For my intensive OSCAR research project this summer, I am studying a particular type of income for human services nonprofits that is called “program service revenue.” This type of income is earned often through providing services for a fee and is tax-exempt if related to the mission of the nonprofit. As such, program service revenue may prove a powerful source of revenue diversification for nonprofits.
By examining data collected annually from nonprofits through the IRS Form 990, I hope to discover the impact of “earned income” (or exempt program service revenue) on the overall revenue and change in net assets over time.
Management books and articles circulating among nonprofit leaders often (if somewhat vaguely) tout this type of revenue as potentially diffusing a heavy reliance on individual contributions and grant awards. In theory, earned income can enable a service nonprofit to raise some of its own funds by doing what it does best – fulfilling its mission.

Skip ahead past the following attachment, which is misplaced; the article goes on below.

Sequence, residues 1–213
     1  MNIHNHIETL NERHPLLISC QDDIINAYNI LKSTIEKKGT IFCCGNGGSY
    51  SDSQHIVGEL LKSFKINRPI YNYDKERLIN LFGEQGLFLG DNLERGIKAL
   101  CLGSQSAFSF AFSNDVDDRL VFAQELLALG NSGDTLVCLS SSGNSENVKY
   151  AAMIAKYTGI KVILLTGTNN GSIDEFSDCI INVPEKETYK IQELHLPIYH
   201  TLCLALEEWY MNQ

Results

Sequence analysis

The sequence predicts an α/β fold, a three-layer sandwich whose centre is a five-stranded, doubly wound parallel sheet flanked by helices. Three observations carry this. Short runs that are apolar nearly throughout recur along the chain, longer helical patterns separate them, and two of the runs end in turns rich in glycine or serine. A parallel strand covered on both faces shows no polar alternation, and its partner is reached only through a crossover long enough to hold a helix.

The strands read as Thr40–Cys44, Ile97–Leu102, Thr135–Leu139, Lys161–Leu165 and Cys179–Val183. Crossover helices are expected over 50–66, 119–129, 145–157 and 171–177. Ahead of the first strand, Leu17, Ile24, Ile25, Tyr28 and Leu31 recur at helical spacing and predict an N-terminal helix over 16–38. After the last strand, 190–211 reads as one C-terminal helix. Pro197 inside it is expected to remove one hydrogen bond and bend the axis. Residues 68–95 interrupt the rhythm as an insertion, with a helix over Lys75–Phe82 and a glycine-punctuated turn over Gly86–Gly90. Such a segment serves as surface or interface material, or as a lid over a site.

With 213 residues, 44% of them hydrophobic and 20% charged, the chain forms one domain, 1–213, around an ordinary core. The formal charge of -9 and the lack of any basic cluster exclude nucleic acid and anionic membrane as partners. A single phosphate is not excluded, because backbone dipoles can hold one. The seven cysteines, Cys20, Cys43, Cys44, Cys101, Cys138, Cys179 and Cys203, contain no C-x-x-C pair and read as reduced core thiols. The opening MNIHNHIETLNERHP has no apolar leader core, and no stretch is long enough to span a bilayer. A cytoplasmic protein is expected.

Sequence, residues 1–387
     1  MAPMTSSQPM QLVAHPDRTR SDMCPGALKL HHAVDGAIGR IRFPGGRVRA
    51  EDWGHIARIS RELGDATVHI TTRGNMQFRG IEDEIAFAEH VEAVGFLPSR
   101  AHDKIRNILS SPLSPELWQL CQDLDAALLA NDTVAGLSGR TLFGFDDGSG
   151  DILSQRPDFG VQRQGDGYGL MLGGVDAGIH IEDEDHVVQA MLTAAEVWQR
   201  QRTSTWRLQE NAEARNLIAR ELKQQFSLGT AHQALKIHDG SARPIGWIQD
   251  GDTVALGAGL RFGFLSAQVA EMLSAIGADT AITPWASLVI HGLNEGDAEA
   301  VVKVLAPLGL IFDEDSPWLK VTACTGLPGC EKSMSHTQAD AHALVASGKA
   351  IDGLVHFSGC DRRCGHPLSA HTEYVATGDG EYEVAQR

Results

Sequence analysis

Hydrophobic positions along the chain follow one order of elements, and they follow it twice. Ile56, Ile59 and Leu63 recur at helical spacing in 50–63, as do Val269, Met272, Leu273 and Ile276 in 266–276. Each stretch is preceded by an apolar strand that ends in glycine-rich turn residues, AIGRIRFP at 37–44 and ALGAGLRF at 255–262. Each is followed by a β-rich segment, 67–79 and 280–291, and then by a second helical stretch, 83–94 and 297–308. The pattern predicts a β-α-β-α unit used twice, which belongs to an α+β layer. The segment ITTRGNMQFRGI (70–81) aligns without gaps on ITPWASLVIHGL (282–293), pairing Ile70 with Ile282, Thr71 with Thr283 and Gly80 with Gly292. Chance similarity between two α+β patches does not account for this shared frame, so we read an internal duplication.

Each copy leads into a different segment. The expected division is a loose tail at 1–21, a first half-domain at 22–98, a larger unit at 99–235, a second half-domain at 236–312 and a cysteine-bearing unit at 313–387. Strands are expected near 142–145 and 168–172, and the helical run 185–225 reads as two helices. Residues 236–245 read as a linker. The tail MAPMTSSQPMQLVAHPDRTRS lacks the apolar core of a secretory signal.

In doing background research for my proposal, I found little academic evidence as to the success or failure of earned income strategies in the broad human services sector.
As an Accounting student with prior workplace experience in a nonprofit finance office, the path to research presented itself rather clearly this past spring during the intensive OSCAR project application process. Knowing the fast-paced nature of human services nonprofits, where day-to-day operations and scarce resources infrequently lend time for study of scholarly questions, I decided to further research the earned income question in order to expand the scholarly research base in nonprofit accounting and (hopefully) generate practical implications for nonprofit managers.
Under the mentorship of Dr. Karen Kitching (School of Business, Accounting Department), I am performing linear regression analysis to study program service revenue as a variable in revenue growth. The data collection process thus far has included Freedom of Information Act requests to various agencies to access federal government contracts data (one possible type of program service revenue), utilizing the Guidestar charitable database to create a sample of federal employer identification numbers and other financial data representing relevant charities, and extracting relevant IRS form 990 data from the National Center for Charitable Statistics database.
I’m thrilled to have received this opportunity for research through OSCAR, and I look forward to presenting the results of the study.